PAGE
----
Server systems: A database used to catalog and manage the received data from the operations of the reader and tag. The software manages the information in the database and can also contain the details of the tags and readers. All the information is sent to an RFID server to guarantee communication between the RFID infrastructure and the different intra and inter-organizational systems.
RFID can record and track devices and products used in patient care. Due to the large number of elements that are utilized and amount of data associated with each type of equipment such as manufacturer, serial number, etc. for devices or brand, batch, expiration date, etc. for medications, an RFID system is an ideal encoder and organizer for these inventories.
To ensure efficient operations of a hospital, and consequently the ability to provide high-quality service and care, it is essential to properly plan maintenance tasks. This presents a challenge because it needs to be evident as to what equipment must be maintained, where it is located, and what, if any, spare parts are needed. It is also important to highlight the degree of difficulty for the maintenance or repair as maintenance of medical equipment is binary. In other words, it can be relatively simple or extremely complicated. An example of this is the easy maintenance of equipment that is used to measure blood pressure due to its constructive simplicity. On the other hand, electrocardiograms, infusion pumps, and defibrillators have somewhat greater constructive complexity, leading to more challenging maintenance and repair tasks.
Another application where radio frequency has a great impact within the hospital is in asset management. RFID technology can provide the location and status of each device within the hospital campus. In this way, personnel do not waste time searching for the equipment they need and greater visibility is achieved for their administration. Studies have shown that more than one-third of nurses lose at least one hour of each shift looking for the right equipment.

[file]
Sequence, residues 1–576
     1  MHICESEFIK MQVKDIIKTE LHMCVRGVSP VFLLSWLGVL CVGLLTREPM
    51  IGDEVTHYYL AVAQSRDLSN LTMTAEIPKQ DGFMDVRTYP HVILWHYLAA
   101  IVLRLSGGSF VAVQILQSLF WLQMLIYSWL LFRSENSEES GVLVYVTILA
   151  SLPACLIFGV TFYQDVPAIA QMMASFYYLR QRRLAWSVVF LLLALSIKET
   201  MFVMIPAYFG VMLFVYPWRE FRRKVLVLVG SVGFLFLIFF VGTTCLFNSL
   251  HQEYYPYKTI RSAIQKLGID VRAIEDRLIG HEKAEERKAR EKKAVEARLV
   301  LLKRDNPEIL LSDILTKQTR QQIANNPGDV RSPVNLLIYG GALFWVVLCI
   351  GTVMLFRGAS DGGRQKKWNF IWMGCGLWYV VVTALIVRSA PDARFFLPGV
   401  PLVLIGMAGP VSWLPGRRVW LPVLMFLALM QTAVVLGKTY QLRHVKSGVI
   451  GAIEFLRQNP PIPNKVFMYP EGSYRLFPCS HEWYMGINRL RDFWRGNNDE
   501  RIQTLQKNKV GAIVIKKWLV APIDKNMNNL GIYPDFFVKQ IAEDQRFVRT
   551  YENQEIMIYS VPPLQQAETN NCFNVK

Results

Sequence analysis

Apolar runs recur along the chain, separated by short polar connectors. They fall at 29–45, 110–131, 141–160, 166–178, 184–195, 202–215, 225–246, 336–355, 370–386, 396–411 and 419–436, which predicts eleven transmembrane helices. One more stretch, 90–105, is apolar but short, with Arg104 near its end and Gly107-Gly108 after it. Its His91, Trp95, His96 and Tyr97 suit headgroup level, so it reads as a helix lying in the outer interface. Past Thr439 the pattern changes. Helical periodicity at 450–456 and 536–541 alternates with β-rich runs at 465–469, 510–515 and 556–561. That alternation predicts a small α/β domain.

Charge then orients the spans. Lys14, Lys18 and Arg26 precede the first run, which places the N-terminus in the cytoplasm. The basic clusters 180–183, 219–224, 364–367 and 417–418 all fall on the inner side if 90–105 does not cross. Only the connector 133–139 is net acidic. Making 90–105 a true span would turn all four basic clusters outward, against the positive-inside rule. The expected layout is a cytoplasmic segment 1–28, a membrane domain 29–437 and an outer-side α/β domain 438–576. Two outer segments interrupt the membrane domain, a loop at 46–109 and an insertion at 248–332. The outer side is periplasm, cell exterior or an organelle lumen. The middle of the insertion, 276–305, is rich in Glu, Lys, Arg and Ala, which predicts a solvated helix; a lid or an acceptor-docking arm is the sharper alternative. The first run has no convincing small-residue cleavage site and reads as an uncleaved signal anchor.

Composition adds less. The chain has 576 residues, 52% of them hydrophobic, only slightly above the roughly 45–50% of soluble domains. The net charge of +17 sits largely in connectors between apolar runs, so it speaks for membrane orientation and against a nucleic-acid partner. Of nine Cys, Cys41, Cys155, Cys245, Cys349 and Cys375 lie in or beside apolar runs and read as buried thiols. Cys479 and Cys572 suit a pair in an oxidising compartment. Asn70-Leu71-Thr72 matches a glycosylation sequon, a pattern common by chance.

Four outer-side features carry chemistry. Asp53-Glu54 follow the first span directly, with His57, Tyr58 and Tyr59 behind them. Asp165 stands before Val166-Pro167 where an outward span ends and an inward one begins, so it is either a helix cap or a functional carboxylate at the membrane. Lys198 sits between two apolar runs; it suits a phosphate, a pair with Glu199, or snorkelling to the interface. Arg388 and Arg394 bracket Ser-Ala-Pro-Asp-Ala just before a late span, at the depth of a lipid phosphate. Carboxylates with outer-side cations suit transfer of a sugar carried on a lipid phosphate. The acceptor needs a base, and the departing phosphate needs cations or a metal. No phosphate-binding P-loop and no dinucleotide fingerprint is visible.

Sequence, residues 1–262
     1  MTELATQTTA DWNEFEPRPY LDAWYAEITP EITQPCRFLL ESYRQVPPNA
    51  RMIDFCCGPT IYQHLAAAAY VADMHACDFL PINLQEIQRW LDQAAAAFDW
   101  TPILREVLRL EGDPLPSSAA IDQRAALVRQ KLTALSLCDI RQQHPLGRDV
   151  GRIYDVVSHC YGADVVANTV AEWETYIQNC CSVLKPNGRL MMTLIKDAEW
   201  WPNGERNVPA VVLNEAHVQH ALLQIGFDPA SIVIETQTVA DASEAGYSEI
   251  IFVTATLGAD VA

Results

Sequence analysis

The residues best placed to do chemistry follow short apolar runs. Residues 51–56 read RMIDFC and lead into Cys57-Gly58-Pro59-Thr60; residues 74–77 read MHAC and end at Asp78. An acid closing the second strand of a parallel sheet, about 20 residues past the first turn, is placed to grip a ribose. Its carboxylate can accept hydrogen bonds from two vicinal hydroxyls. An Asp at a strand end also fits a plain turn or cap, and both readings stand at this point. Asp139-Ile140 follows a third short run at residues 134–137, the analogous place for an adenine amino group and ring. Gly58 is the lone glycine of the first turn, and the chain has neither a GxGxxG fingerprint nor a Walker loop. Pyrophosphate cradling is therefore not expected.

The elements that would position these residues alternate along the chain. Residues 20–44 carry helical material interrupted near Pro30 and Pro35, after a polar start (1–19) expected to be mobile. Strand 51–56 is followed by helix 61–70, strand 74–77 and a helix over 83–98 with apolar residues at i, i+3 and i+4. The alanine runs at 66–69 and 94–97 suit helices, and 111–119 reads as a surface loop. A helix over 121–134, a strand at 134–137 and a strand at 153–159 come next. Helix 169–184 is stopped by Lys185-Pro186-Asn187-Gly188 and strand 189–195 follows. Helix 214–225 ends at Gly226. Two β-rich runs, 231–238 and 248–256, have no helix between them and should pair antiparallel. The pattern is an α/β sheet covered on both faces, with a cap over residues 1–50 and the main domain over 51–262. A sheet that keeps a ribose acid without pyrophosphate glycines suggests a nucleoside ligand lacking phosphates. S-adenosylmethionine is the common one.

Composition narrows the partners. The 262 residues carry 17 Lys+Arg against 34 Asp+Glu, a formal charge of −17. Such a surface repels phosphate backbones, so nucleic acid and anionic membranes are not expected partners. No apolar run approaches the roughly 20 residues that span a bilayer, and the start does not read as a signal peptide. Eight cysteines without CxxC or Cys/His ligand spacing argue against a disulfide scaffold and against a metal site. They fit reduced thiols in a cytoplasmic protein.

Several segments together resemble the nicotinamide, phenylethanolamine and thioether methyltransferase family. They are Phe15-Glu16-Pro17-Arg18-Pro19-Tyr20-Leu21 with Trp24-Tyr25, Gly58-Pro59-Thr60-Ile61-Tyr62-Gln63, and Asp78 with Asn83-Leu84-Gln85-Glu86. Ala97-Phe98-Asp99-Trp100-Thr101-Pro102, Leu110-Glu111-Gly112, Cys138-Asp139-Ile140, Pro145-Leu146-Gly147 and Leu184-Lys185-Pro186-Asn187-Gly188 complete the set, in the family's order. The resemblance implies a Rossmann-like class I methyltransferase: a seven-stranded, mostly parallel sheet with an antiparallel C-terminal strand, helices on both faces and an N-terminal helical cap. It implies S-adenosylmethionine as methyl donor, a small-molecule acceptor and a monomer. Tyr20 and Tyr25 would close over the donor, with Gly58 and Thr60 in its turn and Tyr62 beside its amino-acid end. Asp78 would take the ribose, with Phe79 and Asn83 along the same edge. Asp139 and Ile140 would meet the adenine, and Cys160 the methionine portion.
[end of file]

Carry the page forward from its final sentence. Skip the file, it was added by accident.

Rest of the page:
Other studies reveal that time spent on the administration of equipment and devices contains a loss range between 15% and 33% of the shift. Among the most labeled devices are breast pumps, cameras, workstations on wheels, Dinamaps (blood pressure), Doppler, enteral feeding pumps, infusion pumps, monitors, pacemakers, sequential compression devices, otoscopes, trays, ultrasound machines, medical ventilators, and vacuum machines.
RFID technology presents a series of solutions in the healthcare industry that minimize the number of errors in critical tasks and reduce costs at the same time. It is also important to highlight other distinct benefits, such as agility in the reading of labels, increased device location visibility, feasibility of rewriting, data storage capacity, and scalability condition in any project.
After having studied the applications of this technology in a hospital system, it can be said that RFID technology is a very powerful tool to visualize problems, make decisions, and verify their impacts. It allows hospitals to develop a continuous improvement process, thereby reducing costs and maximizing the efficiency of the entire system. The medical and healthcare fields have benefited from RFID technology for some time. Recent innovations by FEIG Electronics are expanding the capabilities of RFID technology, bringing richer data streams, more dynamic features, intuitive user interfaces and more.